Date: Monday, November 6, 2017
Session Type: ACR Poster Session B
Session Time: 9:00AM-11:00AM
Background/Purpose: Osteoporosis-related fractures causes increased disability and morbidity and mortality. The FRAX algorithm quantifies the 10 year probability of a hip or major osteoporotic fracture. This study was initiated after observation of significant discrepancies between FRAX scores generated by the facility machine and those calculated using the online FRAX tool. We aimed to review a series of bone density scans to determine the reason for the discrepancy. Our hypothesis was that providers may not be using the correct measure to calculate the FRAX score.
Methods: This was a retrospective quality improvement study. 700 of 1200 DEXAs from 2013 to 2015 were randomly selected, 168 met the inclusion criteria of osteopenia. Data to calculate the score was obtained from the patient chart. The correct way to calculate the FRAX is to use the femoral neck bone mineral density (BMD) and to select the DEXA machine used. Selecting the femoral neck t-score gives the wrong DEXA result because the normative t-score values used by hologic differ from the FRAX. Selecting BMD without specifying the machine does not give an accurate score as it defaults to no bone mineral density result. Three separate FRAX scores were calculated: (1) FRAX by femoral neck T-score (T score FRAX), (2) FRAX by femoral neck BMD (No BMD FRAX), and (3) FRAX by BMD with hologic machine selected (BMD FRAX). The latter score was the gold standard. It was determined whether the patient was ultimately appropriately treated by chart review.
Results: Patients were primarily female (94%), age ranged from 40-89 years old, and race was primarily hispanic (54.7%) and black (31%). There was a difference when comparing BMD FRAX with the machine generated FRAX (p< .05), and between the BMD FRAX with T-Score BMD (p=0.001). However, these differences were not clinically significant. There were clinically and statistically significant differences when comparing treatment of BMD FRAX with no BMD FRAX (P < .001), all of whom would be over treated if using the latter. Four patients (2.4%) were over treated by FRAX guidelines, however, justification was given for each case. Four patients (2.4%) were undertreated. In 3 of these patients, no FRAX score was mentioned in patient notes and in 1 patient FRAX score was interpreted incorrectly.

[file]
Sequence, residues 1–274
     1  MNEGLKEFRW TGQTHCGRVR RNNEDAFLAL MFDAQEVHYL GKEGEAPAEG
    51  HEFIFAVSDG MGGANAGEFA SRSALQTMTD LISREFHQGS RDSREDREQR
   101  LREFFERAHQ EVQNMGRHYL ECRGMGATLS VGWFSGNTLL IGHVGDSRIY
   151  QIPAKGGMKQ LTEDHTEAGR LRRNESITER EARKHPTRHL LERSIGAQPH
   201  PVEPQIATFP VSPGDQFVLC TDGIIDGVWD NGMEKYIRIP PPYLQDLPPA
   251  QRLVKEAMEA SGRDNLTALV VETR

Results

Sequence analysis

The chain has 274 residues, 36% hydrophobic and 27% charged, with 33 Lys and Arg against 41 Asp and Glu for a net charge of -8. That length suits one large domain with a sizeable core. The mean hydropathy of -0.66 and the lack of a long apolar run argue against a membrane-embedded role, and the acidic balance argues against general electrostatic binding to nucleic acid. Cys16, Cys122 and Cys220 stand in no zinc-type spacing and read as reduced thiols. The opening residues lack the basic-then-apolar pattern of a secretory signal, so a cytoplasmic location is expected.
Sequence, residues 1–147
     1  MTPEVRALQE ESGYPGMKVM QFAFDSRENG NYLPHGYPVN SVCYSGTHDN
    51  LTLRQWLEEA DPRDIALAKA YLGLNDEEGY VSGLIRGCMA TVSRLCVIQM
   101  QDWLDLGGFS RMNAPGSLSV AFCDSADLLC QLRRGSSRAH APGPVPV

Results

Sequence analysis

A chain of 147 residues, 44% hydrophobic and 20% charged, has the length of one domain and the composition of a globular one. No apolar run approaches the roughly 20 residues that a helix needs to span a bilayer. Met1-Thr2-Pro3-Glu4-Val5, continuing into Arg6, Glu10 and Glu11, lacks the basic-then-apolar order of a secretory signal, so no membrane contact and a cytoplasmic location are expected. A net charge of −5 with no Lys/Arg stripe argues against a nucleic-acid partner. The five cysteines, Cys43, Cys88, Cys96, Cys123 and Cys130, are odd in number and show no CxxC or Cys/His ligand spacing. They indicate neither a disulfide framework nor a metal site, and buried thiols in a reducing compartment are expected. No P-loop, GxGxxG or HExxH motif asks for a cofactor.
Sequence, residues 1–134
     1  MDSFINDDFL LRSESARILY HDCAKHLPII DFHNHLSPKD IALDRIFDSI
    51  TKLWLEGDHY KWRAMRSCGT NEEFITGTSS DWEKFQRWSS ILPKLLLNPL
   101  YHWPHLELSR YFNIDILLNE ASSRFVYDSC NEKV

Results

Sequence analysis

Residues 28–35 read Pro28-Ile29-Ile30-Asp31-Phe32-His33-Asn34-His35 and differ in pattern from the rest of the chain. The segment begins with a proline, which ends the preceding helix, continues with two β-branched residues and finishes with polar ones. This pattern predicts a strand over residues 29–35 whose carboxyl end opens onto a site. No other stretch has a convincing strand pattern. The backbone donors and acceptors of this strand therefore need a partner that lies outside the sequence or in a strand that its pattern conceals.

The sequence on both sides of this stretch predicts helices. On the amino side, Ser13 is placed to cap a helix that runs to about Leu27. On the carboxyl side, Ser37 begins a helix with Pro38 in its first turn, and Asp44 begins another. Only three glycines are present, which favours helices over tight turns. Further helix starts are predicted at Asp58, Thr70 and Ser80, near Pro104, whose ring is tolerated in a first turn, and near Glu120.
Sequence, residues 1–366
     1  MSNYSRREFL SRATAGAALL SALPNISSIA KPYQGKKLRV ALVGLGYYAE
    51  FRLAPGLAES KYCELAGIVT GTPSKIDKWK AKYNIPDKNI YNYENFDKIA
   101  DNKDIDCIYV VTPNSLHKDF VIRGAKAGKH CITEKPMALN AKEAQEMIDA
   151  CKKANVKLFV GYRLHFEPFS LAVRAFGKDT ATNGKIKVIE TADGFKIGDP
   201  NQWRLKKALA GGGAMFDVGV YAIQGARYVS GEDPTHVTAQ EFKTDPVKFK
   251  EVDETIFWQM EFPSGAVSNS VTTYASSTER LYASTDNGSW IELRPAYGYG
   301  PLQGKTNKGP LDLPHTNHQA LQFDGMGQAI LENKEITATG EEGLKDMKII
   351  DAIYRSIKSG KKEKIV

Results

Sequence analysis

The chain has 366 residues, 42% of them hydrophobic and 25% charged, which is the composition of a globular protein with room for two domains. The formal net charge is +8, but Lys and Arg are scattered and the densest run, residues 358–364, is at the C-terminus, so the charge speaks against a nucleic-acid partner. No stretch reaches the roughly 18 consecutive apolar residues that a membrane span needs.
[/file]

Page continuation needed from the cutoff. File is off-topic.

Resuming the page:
Conclusion: Not selecting DEXA machine type can lead to significant overtreatment of patients. Many patients were undertreated due to lack of understanding of FRAX score by clinicians. Further education of clinicians regarding FRAX score use is needed. Modification of the FRAX score calculation may be required to ensure patients are not being over or under treated.
To cite this abstract in AMA style:Vig A, Johnson B, Francis T, Mendez-Agrusa B. Factors Affecting FRAX Score Calculation & Treatment in Practice [abstract]. Arthritis Rheumatol. 2017; 69 (suppl 10). https://acrabstracts.org/abstract/factors-affecting-frax-score-calculation-treatment-in-practice/. Accessed September 24, 2021.
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